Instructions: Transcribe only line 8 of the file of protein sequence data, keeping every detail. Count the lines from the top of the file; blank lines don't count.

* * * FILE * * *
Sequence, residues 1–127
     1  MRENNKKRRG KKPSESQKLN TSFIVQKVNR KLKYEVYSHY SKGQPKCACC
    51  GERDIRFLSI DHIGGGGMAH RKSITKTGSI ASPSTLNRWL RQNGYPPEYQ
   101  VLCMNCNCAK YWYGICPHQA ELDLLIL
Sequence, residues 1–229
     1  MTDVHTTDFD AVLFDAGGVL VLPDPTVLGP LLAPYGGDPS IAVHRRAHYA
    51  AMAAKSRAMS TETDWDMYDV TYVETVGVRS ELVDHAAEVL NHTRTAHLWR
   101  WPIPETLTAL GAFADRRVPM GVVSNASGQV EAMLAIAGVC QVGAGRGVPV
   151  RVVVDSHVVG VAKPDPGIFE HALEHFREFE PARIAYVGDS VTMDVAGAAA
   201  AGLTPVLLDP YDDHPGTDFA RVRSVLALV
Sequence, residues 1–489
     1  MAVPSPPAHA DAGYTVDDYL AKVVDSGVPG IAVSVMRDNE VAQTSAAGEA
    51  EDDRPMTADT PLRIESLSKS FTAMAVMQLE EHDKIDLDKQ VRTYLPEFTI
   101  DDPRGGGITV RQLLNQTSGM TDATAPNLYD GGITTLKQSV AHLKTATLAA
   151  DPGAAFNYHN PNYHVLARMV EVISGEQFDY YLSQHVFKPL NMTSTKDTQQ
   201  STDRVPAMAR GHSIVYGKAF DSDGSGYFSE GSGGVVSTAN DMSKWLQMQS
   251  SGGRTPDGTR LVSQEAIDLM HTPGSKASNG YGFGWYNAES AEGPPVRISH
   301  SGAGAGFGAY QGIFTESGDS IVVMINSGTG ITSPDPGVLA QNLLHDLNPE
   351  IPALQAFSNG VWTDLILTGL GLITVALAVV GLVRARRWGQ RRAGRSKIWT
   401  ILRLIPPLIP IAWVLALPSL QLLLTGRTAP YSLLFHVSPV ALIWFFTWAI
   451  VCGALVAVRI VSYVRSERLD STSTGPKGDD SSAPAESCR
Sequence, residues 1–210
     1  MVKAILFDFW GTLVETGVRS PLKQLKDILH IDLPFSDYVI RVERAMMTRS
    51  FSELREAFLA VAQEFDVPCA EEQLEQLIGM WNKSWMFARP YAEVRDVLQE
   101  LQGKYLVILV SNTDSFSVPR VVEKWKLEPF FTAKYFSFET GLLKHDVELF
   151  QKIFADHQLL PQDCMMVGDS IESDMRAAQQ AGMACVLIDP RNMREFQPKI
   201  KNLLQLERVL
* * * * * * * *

   101  WPIPETLTAL GAFADRRVPM GVVSNASGQV EAMLAIAGVC QVGAGRGVPV